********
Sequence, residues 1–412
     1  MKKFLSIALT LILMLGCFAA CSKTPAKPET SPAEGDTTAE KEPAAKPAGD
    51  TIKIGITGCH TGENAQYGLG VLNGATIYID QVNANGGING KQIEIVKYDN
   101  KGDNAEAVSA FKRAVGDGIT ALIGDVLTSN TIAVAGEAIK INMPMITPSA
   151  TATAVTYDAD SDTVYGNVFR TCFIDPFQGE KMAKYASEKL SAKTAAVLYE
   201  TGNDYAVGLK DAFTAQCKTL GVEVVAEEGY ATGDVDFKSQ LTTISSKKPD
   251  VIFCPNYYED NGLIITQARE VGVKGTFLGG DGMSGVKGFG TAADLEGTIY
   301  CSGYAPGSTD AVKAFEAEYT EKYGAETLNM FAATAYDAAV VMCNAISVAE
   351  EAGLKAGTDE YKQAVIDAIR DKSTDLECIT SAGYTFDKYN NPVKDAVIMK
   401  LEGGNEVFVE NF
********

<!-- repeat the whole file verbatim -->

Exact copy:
Sequence, residues 1–412
     1  MKKFLSIALT LILMLGCFAA CSKTPAKPET SPAEGDTTAE KEPAAKPAGD
    51  TIKIGITGCH TGENAQYGLG VLNGATIYID QVNANGGING KQIEIVKYDN
   101  KGDNAEAVSA FKRAVGDGIT ALIGDVLTSN TIAVAGEAIK INMPMITPSA
   151  TATAVTYDAD SDTVYGNVFR TCFIDPFQGE KMAKYASEKL SAKTAAVLYE
   201  TGNDYAVGLK DAFTAQCKTL GVEVVAEEGY ATGDVDFKSQ LTTISSKKPD
   251  VIFCPNYYED NGLIITQARE VGVKGTFLGG DGMSGVKGFG TAADLEGTIY
   301  CSGYAPGSTD AVKAFEAEYT EKYGAETLNM FAATAYDAAV VMCNAISVAE
   351  EAGLKAGTDE YKQAVIDAIR DKSTDLECIT SAGYTFDKYN NPVKDAVIMK
   401  LEGGNEVFVE NF